We Must Go On Despite the Absurdity

The majority of books and movies about refugees are usually bad.  Often they are self-serving, trite, or preachy. Most are too heart-felt with unrealistic characters.  Refugees are usually helpless victims and emergency relief workers are do-gooders with overflowing emotions.  During a real refugee crisis, particularly if it is related to war, there is usually no time to play out a Hollywood scene.  Only when you are away from the trouble do you begin to have a sense of what you have experienced and it normally comes to you in nightmares or the throes of heavy drinking or some drug.

Despite what you see on the news, there is nothing “truthful'” or even obvious about refugee situations.  In my experience, both refugees and emergency relief workers are only typical people caught inside a mysterious, giant political threshing machine that slices and crushes bodies.  Nothing more and nobody knows what to do.  Most people become overly stressed and try to either save or cover their asses.  Absurdity, chaos, madness, and avoidance are the main points when things start to go bad.  Outcomes are highly dependent upon shifting ground and if you are a refugee worker: “The worst decision you ever made in the morning will be the best thing you ever did by nightfall.”  Everything depends upon the fates.

It gets worse.  The refugee population is not only consists of women, children, and the old who are all desperate for help, but also cold-blooded criminals.  Pete, my hellfire Christian buddy used to say, “If it wasn’t for the refugees, this place would be pretty nice.”  It may come as a surprise, but some refugees are total bastards.  Usually they are men in ragtag armies who enjoy killing their fellow refugees for political and tribal reasons.  Sometimes they are smooth, well-educated political types who want to steal and to kill just enough before anyone notices.  Yet, refugee workers must make deals with them and sort things out as best they can. Emergency relief volunteers can also be problematic.  Most of them are great, particularly the locals without whom relief activities are impossible, but a small percent of the others, both expats and nationals, are drug addicts and drunks, thieves and murderers, incompetent, and either partly or completely insane.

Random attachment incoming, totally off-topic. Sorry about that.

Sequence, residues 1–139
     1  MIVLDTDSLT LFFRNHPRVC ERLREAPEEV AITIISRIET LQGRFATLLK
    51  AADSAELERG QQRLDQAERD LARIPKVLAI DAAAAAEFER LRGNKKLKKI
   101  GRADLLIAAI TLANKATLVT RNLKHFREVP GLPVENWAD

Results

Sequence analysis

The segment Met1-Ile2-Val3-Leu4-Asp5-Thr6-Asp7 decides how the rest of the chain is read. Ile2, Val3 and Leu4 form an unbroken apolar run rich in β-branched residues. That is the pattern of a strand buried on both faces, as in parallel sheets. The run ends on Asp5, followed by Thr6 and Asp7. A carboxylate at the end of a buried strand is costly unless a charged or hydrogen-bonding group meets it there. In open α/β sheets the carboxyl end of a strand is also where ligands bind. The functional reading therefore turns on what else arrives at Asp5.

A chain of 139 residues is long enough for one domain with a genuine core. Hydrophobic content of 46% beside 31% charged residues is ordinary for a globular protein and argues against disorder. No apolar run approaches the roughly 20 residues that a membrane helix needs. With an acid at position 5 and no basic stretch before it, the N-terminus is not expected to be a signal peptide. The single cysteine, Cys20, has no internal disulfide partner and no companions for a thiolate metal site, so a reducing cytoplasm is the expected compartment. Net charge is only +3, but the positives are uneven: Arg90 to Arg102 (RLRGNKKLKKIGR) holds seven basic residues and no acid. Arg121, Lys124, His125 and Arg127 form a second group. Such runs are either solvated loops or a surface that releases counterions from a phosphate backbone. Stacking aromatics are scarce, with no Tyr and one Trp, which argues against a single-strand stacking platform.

In figuring out what kind of refugee book I wanted to write, I quickly rejected a “truthful book,” and eventually settled upon writing honestly.  There is a difference between truth and honesty. Truth is very hard to pin down and can be debated forever, but honesty comes from feelings: “I don’t know what the truth is about that guy, but honestly, I have a bad feeling.”

Honesty is not so much about facts, but rather how one subjectively sees reality: something that happens every time you open your eyes.  Anybody can tell their version of the truth, and it is usually self-serving, but being honest means you open yourself up to looking bad. In my career, I can recall occasions where I slightly shaded events to remove myself from blame or maybe get some bastard in trouble.  If there are a thousand parts to a story and you leave out three, does it matter?  In the main the story is “true enough,” but it is not honest.  Why did I do it?  Maybe it was a survival reaction.  Maybe it had to do with  years of working in areas without law or the usual social conventions found in nations without war.  Could it have been all those nights waking up and not knowing where I was?  When everyone is sick and dying or shot to shit, ethical rules seem less important, in fact, they are totally unimportant.  A word here or there could have dire consequences for someone.  Twisting things to your advantage or the disadvantage of others has a certain internal feeling.  I know what it feels like and I never much liked it, but then it was part of working in an insecure area.  I finally accepted it and just went on…we must go on.